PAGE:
by John Fogg
'Twas a dark and stormy Friday night" and all were assembled in the hangar for the introduction by Ted Cheung.
So began the novice crew camp at Xenia. Ted's introduction was concise and informed, illustrating the role of Diamond Quest as a non-profit organization dedicated to introducing canopy relative work to new people in a safe manner and improving the skills of all concerned with a view to achieving larger formations.
The rest of the evening was spent rigging the Prodigy canopies to containers. This was the point where the eyes started getting a little wider. The canopy is prepared and flaked either by side pack or pro-pack and laid down. Then things get a little different. There is no deployment bag; instead, a diaper is used. Essentially a piece of material stitched on the canopy. The lower half of the flaked canopy is then 's' folded over the diaper, which is closed by a single rubberband and the first stow of the lines. The rest of the lines are then free stowed into a pocket on the diaper similar to the free bag on a reserve. This "assembly" is then placed into your container and the rest of the canopy 's' folded on top. Now the fun starts! Getting the container closed is an interesting process. When complete you have canopy material sticking out from all edges, the risers are sticking out because the covers cannot cope with the extra controls. The finished pack job looks a little something like a bargain basement deal from Honest John's Rigging shop!
"Looks good", Ted would enthuse and Chuck would back it up with, "if it looks neat, it ain't right!"
Saturday morning we are divided by our experience levels. Most, like myself, have never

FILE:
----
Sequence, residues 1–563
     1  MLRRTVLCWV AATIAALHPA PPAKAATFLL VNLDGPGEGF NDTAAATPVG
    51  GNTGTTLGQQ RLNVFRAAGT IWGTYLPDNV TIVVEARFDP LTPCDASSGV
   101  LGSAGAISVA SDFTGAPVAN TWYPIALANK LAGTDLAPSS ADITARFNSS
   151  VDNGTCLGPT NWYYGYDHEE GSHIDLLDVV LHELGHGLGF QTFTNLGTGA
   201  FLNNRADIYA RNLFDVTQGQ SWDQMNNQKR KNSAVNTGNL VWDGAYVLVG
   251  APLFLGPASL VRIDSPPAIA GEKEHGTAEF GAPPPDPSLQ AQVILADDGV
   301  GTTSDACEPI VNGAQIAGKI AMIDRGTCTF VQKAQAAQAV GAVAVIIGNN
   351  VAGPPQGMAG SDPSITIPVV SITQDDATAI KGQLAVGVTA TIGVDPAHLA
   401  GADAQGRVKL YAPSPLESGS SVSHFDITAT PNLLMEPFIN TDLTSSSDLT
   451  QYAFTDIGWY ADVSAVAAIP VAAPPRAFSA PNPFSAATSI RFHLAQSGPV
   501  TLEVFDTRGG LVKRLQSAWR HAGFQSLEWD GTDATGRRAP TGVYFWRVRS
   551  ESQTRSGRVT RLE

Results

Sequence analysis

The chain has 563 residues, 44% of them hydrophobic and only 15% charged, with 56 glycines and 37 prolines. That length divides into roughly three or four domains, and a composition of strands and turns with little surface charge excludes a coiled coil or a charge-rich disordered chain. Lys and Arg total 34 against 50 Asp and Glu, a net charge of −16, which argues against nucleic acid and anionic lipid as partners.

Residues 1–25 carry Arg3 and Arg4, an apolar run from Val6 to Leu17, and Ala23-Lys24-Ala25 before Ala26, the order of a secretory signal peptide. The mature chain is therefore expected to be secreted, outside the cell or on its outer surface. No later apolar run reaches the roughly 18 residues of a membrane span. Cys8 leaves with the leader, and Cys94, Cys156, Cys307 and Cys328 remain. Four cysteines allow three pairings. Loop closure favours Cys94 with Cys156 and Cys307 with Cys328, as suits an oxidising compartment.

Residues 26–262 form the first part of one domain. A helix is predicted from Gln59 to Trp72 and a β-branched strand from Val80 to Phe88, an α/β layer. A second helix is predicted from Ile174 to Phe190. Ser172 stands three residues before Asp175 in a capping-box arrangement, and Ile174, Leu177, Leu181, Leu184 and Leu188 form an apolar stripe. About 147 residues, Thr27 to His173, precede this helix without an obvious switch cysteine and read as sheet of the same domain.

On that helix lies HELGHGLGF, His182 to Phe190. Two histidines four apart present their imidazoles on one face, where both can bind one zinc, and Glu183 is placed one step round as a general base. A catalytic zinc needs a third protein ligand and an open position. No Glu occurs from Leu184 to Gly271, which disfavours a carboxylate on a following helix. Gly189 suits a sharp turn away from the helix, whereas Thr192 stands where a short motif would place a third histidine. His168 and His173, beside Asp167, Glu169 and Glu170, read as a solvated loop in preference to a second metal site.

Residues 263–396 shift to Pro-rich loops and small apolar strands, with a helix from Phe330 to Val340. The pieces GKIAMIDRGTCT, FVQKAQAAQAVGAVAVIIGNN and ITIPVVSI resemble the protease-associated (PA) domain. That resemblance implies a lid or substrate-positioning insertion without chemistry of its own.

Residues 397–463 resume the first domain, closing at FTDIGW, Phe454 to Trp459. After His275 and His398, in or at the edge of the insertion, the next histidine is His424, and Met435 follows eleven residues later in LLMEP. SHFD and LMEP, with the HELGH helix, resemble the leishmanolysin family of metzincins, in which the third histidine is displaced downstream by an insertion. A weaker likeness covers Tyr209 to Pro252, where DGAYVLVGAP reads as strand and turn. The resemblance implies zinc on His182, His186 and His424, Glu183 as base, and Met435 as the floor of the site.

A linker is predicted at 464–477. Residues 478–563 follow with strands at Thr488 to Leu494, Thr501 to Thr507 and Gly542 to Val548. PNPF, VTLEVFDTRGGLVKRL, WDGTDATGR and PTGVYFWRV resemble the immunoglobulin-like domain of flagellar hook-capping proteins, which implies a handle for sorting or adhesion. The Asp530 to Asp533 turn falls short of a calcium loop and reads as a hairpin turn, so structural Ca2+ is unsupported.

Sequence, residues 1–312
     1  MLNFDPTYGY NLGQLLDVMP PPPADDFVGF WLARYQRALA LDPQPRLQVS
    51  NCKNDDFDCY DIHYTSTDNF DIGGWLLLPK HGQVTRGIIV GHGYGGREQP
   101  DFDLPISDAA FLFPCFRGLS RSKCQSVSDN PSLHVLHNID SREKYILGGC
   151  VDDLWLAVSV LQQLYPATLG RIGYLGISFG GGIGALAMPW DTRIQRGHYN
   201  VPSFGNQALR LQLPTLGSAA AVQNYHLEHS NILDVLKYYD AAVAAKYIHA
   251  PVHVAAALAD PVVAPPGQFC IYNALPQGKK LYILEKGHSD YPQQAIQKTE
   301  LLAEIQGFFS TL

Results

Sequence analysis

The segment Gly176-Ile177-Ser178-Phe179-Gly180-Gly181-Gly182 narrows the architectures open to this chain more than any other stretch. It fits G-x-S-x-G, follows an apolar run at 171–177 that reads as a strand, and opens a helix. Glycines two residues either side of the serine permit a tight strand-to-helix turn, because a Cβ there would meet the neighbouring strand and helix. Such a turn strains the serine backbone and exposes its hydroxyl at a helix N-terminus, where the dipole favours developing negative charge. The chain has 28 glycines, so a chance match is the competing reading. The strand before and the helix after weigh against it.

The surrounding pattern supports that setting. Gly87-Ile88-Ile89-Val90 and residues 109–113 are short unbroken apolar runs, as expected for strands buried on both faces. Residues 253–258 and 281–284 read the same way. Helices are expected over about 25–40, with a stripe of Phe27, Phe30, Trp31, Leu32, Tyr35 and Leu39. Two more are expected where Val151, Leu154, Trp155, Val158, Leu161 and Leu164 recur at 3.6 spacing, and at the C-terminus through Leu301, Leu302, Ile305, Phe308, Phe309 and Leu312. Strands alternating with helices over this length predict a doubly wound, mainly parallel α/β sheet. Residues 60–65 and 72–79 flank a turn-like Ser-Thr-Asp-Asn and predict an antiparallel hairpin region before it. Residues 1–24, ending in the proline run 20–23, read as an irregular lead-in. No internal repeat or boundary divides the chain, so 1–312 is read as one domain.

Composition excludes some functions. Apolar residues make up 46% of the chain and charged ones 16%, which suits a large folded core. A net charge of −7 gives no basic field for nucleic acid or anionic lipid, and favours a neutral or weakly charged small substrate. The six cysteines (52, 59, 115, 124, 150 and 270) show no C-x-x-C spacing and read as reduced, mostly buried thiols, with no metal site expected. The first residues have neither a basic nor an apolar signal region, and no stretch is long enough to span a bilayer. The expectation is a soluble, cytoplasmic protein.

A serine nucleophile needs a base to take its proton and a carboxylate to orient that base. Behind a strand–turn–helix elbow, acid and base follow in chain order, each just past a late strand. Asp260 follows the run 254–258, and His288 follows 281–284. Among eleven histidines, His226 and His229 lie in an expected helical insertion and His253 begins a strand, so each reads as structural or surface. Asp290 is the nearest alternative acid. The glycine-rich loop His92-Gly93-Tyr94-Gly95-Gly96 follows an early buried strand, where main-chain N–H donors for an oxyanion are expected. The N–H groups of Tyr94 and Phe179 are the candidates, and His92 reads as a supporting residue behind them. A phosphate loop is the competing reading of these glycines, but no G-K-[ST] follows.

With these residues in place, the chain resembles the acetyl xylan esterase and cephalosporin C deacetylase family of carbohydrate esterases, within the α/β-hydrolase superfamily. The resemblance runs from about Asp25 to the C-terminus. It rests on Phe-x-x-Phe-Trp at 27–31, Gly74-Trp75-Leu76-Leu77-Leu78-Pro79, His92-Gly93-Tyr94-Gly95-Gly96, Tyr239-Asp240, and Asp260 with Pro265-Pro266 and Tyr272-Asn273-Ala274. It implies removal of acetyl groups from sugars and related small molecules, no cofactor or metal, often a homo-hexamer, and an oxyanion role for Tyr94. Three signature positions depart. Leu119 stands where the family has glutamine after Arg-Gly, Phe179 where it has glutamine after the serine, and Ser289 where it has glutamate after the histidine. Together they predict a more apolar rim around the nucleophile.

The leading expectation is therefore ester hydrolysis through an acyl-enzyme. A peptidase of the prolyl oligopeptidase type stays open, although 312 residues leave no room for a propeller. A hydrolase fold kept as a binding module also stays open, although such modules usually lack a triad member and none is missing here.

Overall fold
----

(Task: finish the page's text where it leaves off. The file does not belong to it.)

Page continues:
done any crw and are paired off with the instructors. Those with some experience are
then teamed up with Steve Petto and Frank Bender. These guys celebrated their gold wings
with their first hour of freefall! After briefing we make are way to the Casa, the rest
of the load examining our pack jobs with looks I cannot describe as envy. The aircraft
turns onto the wind line and we prepare for exit.
Ted shouts "Safety Briefing!"
"Don't die!" comes the reply.
This arouses the tandem students from their slumber in time to see the green light come on and the Novice CReW camp exit in their assigned groups.
I have a little fumble then deploy the canopy figuring that taking this pack job to terminal might
not be advisable. Chuck invites me over to his piece of sky and we start flying side by side. He
sinks out and flies his canopy into my back whereupon I make a deliberate effort to forget the
entire brief and try grabbing his center cell with one hand, making sure I keep the toggle in the
other. Chuck tries again with the same result. So he flies along side and communicates in the
clear, concise manner we have been taught.
"WILL YOU LET GO OF THE F*CKING TOGGLES!!"
"You only had to ask", I mumble back.
He flies back and approaches again. This time I grab the canopy and gingerly put my feet through the lines. I slide down, place my feet under the cross connectors and breathe out. A CreW pup is born but its going to be a while before this one opens its eyes!
After lunch, the cloud base is down to about 5000ft and the Casa is shut down. A few pups have decided to sit down for a while but someone has persuaded Jim to fly the Beech instead. I exit and am top docked by Chuck then Ted approaches me. I accept the canopy and wait for Thomas. Four Stack!! We have potential for a fifth but run out of time and start breaking it down.
"Have you ever done a side-by-side?" shouts Chuck.
"No" I carefully answered.
"Okay. Hang on to my harness".
"NOT my reserve handle!"
We settle the canopies and turn back towards the DZ. I am just beginning to enjoy the ride.